Revenge porn laws for victim compensation on cards for NSW

JILTED lovers who post online "revenge porn" could soon be sued under new laws before the New South Wales Government.

A Legislative Council committee has recommended giving recourse to victims of revenge porn and other serious breaches of privacy to seek legal damages from their tormenters.

It found current laws did not adequately cover the new kinds of invasion of privacy in the digital era.

"Privacy is an asset which cannot be recovered once it is lost," committee chairwoman Natasha Maclaren-Jones said.

"The impacts of that loss can be devastating.

"The committee considers that there is a clear need to ensure better protection of privacy, and to provide adequate remedies to people who experience a serious invasion of privacy.

"It also recommended that NSW Police take steps to ensure its officers receive appropriate training and education about the harms of technology-facilitated stalking, abuse and harassment and on the use of existing offences and apprehended violence orders in respect of this type of conduct."

As well as civil litigation, the committee recommended the NSW Privacy Commissioner be given powers to hear complaints and order non-financial forms of redress.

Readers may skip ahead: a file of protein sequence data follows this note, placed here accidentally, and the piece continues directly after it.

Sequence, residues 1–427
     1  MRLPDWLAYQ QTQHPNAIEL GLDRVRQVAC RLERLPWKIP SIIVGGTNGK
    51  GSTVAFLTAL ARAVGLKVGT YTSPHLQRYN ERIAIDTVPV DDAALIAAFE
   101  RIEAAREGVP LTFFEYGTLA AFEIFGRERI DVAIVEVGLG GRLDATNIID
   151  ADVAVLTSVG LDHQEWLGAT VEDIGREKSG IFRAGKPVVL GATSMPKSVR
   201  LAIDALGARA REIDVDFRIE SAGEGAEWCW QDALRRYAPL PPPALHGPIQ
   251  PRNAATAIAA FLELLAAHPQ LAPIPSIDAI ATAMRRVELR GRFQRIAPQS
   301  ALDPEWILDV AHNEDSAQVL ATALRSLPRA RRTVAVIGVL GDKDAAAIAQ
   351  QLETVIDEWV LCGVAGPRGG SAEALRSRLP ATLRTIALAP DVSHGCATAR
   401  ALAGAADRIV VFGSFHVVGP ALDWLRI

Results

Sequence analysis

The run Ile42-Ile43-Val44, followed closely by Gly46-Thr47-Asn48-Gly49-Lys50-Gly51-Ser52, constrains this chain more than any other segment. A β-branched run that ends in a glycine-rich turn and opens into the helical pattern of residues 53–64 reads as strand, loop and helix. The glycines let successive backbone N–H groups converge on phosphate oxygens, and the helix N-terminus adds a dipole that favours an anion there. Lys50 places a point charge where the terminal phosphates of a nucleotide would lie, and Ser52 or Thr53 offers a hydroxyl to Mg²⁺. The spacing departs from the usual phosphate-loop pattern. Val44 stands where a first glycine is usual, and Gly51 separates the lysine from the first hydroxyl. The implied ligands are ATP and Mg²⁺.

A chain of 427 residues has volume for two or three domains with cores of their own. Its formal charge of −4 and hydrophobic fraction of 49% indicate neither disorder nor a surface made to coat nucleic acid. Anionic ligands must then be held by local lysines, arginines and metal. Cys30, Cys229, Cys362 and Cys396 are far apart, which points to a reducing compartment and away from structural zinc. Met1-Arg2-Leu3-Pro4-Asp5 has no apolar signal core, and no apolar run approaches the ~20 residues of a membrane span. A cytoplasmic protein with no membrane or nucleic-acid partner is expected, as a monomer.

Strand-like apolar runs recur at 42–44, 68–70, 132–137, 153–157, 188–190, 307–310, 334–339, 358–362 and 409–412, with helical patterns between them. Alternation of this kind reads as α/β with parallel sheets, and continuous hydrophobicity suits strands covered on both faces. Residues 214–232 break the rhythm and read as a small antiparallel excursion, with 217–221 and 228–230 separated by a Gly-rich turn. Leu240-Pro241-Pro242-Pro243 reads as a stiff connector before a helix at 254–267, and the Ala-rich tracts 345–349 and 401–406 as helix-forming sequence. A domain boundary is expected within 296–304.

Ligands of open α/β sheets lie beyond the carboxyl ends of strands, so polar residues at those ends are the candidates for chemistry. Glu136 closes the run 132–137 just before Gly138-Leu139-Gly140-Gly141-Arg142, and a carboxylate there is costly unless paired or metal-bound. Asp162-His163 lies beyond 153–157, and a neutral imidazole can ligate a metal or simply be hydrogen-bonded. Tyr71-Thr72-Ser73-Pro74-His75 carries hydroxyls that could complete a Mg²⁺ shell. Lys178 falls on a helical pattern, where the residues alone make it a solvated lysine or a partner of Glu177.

A look through the inquiry's submissions revealed most concerns related to neighbours' excessive use of security cameras.

But one woman, whose name was suppressed, shared her story of being humiliated by a health professional while undergoing gynecological surgery.

"My legs were in stirrups. Whilst I was in this position and under a general sedation the nurse in charge of looking after me took it upon herself to take photos of my genitals with her personal mobile phone," the woman said

"She did not have my permission to do so nor was there any therapeutic or medical justification for the photo.

"I was later informed that she then shared these images with her colleagues in the recovery room.

"I witnessed one of these showings as I came out of my sleep. My surgeon alerted me to the incident five weeks later.

"I do not know why the nurse took the photo and can only conclude that it was out of a desire to mock my physical appearance."

Police investigated but could not find an applicable law as they could not confidently argue it was done for sexual gratification or arousal, according to the submission.

"For your information the nurse is still working as a nurse in operating theatres, in a different hospital," the woman said.

"I have suffered the most humiliating nine months and only recently was the full horror of this incident adequately explained to me.

"If the nurse had been a man or acting for the purpose of sexual gratification, we could have done something many months ago."

The NSW Government says it will consider the committee's recommendations. -APN NEWSDESK



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